10 Minutes With: Adam Woolven, Island Grill

The  Staff Canteen

The Staff Canteen

Editor 25th July 2016

Beginning his career at Island Grill as an apprentice, it wasn’t long before Adam was heading up the kitchen at the European infused restaurant. Despite a brief stint at the private member’s club, Caledonian Club, Adam returned to the Island Grill kitchen as sous chef before being promoted to head chef status at the age of 25.

A champion of sustainability, Adam strives to create an eco-friendly yet luxurious dining experience for his customers through a modern European menu with British flourishes. Overlooking London’s Hyde Park within the four-star Lancaster London Hotel, Island Grill has already been awarded the Sustainable Restaurant Association’s top Three Star rating along with two AA rosettes.

Growing up in a family that already had ties within the hospitality industry (his father was a chef) Adam found himself helping out his dad in the kitchen when he was a teenager prompting him to follow in his father’s footsteps.

When asked about how he got into the industry, Adam said: “I started helping my dad out at weekends when I was around 13 or 14 so I already had a bit of an insight into the industry so to speak and decided to pursue that after I left school.”

Starting out at Island Grill as an apprentice, Adam gained valuable experience working in several areas of the kitchen before working his way up the ladder to become sous chef. During this time Adam made the tough decision to leave the restaurant which had nurtured his skill and developed his talent to gain further knowledge.

He said: “I left Island Grill for nearly a year to go to the Caledonian Club. Then my old head chef rang to ask me if I wanted to come back and I did and have been here ever since working my way up to become head chef.”

When asked about why he decided to leave Island Grill in favour of the Caledonian Club, Adam explained how Island Grill was severely understaffed which consequently led it to being ‘a pain in the arse’ to which he decided to leave and ‘cut his losses’.

It wasn't long before Adam was heading up the kitchen at Island Grill putting his own spin on the menus, hesaid: “As soon as I got the position we changed nearly half of the menu. I just try to keep it as seasonal as possible.”

Seasonality is very much the ethos, rather than overhauling the menus two or three times a year Adam makes sure they change every two to three months.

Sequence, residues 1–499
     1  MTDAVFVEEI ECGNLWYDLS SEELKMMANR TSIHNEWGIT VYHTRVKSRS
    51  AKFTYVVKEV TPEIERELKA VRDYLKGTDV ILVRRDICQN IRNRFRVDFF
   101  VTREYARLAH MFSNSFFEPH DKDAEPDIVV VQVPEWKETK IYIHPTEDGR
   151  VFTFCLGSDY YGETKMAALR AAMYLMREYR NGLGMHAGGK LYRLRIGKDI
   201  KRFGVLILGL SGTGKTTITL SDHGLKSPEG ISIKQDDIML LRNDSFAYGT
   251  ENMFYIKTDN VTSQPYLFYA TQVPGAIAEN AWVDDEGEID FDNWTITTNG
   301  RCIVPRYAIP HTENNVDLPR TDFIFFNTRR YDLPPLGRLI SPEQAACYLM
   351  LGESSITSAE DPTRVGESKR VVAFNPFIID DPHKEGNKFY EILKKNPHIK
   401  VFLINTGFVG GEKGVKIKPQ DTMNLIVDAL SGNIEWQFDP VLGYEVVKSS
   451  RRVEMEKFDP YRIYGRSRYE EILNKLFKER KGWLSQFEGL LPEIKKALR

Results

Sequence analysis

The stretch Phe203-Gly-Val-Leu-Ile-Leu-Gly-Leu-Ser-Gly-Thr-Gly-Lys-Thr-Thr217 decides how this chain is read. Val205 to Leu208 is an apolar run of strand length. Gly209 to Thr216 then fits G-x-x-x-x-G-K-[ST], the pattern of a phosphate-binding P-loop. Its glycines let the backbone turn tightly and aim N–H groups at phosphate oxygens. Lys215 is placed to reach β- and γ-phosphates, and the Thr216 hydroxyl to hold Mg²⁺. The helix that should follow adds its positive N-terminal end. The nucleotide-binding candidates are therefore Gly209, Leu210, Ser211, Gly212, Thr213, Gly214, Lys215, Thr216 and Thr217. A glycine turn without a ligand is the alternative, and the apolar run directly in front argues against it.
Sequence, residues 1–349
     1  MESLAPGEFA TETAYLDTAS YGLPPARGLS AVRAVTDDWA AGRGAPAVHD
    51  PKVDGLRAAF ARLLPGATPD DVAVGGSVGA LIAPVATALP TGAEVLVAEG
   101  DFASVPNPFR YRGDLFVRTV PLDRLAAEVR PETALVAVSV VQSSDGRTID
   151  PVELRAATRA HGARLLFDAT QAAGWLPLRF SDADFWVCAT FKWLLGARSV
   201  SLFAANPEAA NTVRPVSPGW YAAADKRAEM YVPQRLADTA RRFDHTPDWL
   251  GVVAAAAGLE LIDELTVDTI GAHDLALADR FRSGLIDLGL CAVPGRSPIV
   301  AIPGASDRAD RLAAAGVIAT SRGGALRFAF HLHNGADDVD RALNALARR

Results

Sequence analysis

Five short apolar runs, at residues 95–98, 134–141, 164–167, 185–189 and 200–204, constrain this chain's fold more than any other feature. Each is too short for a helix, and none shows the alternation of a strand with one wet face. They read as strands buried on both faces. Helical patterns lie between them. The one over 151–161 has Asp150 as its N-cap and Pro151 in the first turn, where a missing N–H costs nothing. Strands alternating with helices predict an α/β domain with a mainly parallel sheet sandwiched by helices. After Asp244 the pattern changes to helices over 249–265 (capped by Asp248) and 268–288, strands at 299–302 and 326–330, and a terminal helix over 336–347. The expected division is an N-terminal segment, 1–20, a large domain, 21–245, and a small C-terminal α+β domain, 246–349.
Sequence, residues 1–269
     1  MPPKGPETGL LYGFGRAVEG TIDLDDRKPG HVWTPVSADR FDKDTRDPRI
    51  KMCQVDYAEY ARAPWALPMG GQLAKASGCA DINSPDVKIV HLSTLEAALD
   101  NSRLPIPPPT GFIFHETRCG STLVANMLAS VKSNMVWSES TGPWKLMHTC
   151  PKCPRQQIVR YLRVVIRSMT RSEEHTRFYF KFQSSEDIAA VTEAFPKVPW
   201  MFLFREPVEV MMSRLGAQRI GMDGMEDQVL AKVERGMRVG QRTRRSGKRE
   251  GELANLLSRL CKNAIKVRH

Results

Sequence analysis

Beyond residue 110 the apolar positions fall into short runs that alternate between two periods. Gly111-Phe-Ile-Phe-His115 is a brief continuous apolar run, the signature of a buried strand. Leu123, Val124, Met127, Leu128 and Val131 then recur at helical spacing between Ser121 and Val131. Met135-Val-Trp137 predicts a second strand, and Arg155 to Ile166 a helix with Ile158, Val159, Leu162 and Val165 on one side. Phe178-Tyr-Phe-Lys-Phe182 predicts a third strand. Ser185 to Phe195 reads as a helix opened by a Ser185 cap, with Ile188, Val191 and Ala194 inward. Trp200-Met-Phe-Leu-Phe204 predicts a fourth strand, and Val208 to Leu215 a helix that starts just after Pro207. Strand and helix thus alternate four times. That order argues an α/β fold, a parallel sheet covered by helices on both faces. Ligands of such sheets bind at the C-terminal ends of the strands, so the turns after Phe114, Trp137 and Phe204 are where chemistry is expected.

"We might change the menu for a month or so in order to capture a few things that have come into season," expalined Adam.  "We are coming to the end of the asparagus season now, we have had that for a couple of months so we will change that. The Jersey Royals are in season so we are using them and all of the English strawberries from Kent.”

A strong focus for Adam is also sourcing ingredients locally. Although they don’t have their own garden or vegetable patch the cheese is sourced from within a 40 mile radius, something that has been cut down from 100 miles since Adam took over the reins.

Adam said: “All the fish is from Kent and the Sussex coast and the vegetables we try and buy as locally as possible but sometimes it’s not as easy as it sounds.”

More unusual are the beehives situated on top of the Lancaster London Hotel, the beehives have been on the rooftop for roughly four to five years and make a great resource for the restaurant, particularly for the basis for Adam’s honey panna cotta dessert. Commenting on the decision to install the beehives on the roof, Adam believes it makes the hotel standout while also helping care for the environment.

 Credited to Richard Twilton

He said: “I think they did it because there was only one other hotel in London at the time who had their own bees but it’s also about caring for the environment and, a hotel with its own bees, it sounds good.”

Alongside locally sourced ingredients, sustainability is also a major factor for Adam and the restaurant. Having attained three stars from the Sustainable Restaurants Association, Adam likes to reduce food miles where he can and can’t fathom why a chef would purchase something overseas when it’s available right on their doorstep.

Adam said: “Why buy something overseas when you can buy the same product from over here? It’s also about keeping your costs down and I think the public these days are really into seasonal and sustainability.

“Other restaurants should be doing it too, you get better produce and it’s from your doorstep.”

Adam cites a broad range of sources for dish inspiration. From going to restaurants to looking up ingredients online and reading books, Adam also says he likes to go through the seasons asking himself how he could make it better.

He said: “I ask myself what different technique can I use? And also I talk to my chefs. They all have good ideas and we bounce off of each other and come up with some pretty good stuff.”

Having received an AA rosette when Adam was a chef de partie followed by a second one not long after, Adam is looking to the future and in time hopes to gain a third rosette if the hotel will allow it.

Adam explained: “I would like to go for the third rosette but that would obviously take some time and it’s whether or not the hotel want it."

By Michael Parker

 

 

 

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The  Staff Canteen

The Staff Canteen

Editor 25th July 2016

10 Minutes With: Adam Woolven, Island Grill